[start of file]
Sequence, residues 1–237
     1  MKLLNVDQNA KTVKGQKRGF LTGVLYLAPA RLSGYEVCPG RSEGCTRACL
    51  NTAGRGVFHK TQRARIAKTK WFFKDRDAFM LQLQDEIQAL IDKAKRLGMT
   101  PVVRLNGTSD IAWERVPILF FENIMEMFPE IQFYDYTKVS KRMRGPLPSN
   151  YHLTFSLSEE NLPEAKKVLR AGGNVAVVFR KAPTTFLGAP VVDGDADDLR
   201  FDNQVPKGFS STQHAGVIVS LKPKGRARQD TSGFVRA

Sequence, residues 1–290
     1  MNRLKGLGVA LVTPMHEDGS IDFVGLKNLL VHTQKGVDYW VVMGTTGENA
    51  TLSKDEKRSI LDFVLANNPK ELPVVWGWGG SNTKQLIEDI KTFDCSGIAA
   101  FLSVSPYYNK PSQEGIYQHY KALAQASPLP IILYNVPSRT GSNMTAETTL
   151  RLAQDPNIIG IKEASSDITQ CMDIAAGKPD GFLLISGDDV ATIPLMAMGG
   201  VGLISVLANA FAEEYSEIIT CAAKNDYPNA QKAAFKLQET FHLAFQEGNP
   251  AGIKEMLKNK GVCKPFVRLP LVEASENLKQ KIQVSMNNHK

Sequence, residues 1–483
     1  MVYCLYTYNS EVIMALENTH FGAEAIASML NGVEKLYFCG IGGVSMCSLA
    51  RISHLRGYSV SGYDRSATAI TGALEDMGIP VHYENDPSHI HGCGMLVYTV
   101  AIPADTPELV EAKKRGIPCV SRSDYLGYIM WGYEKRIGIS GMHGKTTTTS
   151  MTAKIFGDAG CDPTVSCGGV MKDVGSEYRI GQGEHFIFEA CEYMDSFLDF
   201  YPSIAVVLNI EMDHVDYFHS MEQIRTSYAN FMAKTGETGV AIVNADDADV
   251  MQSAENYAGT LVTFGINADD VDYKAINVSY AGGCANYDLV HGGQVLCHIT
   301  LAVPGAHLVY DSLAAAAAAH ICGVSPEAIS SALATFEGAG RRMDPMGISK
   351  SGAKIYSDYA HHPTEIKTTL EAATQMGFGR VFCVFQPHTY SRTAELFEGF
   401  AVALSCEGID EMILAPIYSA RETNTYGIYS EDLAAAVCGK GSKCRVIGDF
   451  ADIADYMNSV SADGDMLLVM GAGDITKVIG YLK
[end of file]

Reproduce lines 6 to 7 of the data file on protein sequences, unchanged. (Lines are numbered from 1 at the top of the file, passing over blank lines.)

   201  FDNQVPKGFS STQHAGVIVS LKPKGRARQD TSGFVRA

Sequence, residues 1–290